The Fight to Save Juarez: Life in the Heart of Mexico’s Drug War

Ricardo C. Ainslie. Univ. of Texas, $25 (332p) ISBN 978-0-292-73890-4
Psychologist and U.T.-Austin instructor Ainslie (Long Dark Road) presents an unrelenting look at the drug cartel battles of Ciudad Juarez, just over the Rio Grande from El Paso, Tex. Juarez’s mayor, José Reyes Ferriz, first learned of the coming war between the established Juarez cartel and the Sinaloa cartel shortly after he was elected in late 2007 and he spent his entire three-year term trying to curtail the killings, which in some months “surpassed those in war-torn cities like Baghdad.” Corruption was so endemic in the municipal police force that Reyes invited in the army, with 5,000 federal troops arriving in March 2009. The municipal police force was officially disbanded, then re-formed later that year as the “new police.” Two facts stand out among the continual descriptions of assassinations. The first, often repeated, is that the violence is driven by American drug consumption, and the second is that the vast majority of assault weapons used by the cartels are from the U.S. Despite a wide-ranging intervention ordered by the Mexican president, following a massacre of innocent youths in the Villas de Salvárcar neighborhood in January 2010, there is no Hollywood ending to this report—only a continuation of the violence. Although not easy to read, this is an important work for any reader concerned about Mexico. Agent: James D. Hornfischer, Hornfischer Literary Management. (Apr.)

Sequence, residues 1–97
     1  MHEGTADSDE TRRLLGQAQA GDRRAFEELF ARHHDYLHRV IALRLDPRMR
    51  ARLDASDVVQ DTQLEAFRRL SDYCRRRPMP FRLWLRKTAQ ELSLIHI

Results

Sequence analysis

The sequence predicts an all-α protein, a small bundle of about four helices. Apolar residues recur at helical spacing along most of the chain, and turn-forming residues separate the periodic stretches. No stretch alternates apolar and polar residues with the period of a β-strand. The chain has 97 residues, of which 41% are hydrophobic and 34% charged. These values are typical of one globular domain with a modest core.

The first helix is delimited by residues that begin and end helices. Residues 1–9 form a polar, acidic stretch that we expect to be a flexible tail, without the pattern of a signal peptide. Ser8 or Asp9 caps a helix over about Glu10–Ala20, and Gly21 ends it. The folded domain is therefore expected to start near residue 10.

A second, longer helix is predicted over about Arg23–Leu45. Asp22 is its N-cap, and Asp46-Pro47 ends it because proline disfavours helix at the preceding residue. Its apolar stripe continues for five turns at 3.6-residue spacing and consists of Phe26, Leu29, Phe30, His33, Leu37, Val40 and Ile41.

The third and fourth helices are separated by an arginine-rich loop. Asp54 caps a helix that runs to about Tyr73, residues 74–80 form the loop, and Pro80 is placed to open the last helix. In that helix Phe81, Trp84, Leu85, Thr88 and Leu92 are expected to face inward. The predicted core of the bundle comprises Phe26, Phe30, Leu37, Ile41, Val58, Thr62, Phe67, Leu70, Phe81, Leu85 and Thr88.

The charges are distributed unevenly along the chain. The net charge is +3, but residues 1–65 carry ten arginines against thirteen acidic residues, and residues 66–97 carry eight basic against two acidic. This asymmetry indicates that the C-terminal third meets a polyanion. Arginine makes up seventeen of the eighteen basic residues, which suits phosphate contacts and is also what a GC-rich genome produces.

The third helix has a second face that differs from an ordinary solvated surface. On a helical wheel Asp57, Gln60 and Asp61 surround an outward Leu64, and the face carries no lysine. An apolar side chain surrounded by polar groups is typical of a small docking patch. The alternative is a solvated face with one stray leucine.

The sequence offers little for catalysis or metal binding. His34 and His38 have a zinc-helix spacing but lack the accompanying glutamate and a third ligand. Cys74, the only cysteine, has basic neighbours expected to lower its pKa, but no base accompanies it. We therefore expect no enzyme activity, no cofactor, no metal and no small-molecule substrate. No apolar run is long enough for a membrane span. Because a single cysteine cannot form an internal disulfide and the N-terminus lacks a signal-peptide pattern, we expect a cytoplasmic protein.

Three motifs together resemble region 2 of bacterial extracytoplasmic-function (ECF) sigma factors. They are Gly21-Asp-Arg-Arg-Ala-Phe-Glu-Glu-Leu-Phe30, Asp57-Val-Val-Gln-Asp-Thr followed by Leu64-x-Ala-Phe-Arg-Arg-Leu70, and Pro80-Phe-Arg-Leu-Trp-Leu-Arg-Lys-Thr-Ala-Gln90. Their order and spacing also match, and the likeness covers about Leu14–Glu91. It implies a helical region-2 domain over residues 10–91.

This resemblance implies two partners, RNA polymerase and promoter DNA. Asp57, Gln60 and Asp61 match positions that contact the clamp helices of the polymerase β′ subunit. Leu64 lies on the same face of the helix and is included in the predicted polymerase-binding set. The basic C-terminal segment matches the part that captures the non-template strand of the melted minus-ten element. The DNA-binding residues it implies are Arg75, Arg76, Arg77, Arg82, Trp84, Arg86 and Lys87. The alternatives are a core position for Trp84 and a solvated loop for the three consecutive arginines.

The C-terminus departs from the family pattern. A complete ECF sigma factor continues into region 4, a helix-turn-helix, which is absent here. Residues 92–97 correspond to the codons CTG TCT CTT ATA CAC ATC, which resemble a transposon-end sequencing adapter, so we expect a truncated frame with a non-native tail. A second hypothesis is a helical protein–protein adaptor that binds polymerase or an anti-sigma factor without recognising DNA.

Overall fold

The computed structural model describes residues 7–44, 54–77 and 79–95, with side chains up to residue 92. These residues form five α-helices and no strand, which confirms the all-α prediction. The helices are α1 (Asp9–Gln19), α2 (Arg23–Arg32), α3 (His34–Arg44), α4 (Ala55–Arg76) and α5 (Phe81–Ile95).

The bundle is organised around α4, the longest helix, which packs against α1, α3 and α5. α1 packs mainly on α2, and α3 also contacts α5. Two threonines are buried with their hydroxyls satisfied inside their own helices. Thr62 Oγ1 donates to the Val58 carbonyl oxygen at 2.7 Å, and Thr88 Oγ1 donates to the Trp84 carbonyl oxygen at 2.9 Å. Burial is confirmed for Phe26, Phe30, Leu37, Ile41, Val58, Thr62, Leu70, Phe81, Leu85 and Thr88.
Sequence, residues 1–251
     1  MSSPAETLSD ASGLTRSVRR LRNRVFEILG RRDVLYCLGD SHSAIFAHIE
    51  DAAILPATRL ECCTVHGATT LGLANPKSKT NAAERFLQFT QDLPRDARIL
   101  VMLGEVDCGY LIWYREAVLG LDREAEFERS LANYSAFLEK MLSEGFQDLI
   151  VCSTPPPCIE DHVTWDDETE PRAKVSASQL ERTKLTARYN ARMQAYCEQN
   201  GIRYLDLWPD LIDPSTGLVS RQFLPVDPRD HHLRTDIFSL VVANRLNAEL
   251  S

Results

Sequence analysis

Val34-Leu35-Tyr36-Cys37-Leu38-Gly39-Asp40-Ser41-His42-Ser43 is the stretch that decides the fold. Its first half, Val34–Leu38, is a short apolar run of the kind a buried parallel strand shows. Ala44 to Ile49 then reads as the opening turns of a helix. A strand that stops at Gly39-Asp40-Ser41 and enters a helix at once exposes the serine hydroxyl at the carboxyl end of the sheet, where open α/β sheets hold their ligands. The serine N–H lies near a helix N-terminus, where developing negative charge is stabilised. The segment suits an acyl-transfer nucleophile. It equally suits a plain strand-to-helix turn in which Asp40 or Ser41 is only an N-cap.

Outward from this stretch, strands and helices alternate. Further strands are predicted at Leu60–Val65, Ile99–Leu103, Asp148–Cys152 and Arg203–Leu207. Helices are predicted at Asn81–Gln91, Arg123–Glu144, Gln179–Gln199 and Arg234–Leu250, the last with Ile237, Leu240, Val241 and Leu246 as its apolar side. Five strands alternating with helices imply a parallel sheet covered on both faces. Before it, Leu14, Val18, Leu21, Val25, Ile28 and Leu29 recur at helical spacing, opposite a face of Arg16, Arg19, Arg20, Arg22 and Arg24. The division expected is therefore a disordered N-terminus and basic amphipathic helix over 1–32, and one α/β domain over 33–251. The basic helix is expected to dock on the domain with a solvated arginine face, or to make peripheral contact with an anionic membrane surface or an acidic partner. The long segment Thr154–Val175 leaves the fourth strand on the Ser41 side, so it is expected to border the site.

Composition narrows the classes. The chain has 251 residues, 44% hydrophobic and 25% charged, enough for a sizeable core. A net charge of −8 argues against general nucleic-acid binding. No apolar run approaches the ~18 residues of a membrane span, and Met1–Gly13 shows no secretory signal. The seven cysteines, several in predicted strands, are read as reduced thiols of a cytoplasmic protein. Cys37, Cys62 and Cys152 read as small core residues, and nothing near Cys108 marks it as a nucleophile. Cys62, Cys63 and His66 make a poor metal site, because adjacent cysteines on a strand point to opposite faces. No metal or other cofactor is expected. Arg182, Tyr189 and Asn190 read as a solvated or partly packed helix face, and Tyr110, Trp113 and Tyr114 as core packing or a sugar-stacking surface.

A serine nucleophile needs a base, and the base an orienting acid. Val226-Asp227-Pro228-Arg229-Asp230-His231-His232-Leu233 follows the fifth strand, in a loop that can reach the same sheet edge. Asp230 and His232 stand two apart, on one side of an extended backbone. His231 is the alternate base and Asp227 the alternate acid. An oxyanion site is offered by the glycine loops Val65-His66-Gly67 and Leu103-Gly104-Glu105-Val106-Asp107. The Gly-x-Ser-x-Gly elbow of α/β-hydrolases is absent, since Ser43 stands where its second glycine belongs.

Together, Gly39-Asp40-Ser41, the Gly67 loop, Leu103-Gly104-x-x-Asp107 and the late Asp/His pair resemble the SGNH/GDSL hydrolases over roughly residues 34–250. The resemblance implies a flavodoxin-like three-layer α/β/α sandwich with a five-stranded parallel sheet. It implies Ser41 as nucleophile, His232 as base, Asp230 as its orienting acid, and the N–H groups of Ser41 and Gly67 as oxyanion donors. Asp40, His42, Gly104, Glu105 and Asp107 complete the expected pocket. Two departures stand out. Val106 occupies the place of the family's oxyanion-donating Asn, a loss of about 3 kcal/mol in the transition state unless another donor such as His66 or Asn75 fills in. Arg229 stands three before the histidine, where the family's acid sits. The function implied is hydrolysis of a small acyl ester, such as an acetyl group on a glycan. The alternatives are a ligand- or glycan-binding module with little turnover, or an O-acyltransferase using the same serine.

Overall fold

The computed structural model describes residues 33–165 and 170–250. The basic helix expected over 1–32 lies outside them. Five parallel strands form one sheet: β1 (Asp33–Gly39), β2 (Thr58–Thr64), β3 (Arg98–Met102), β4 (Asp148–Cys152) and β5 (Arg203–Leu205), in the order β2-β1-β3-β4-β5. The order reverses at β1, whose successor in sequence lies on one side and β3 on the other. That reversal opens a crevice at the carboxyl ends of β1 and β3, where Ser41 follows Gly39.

Reviewed on: 01/28/2013
Release date: 04/01/2013
Genre: Nonfiction
Open Ebook - 978-0-292-74871-2
Open Ebook - 297 pages - 978-0-292-73891-1
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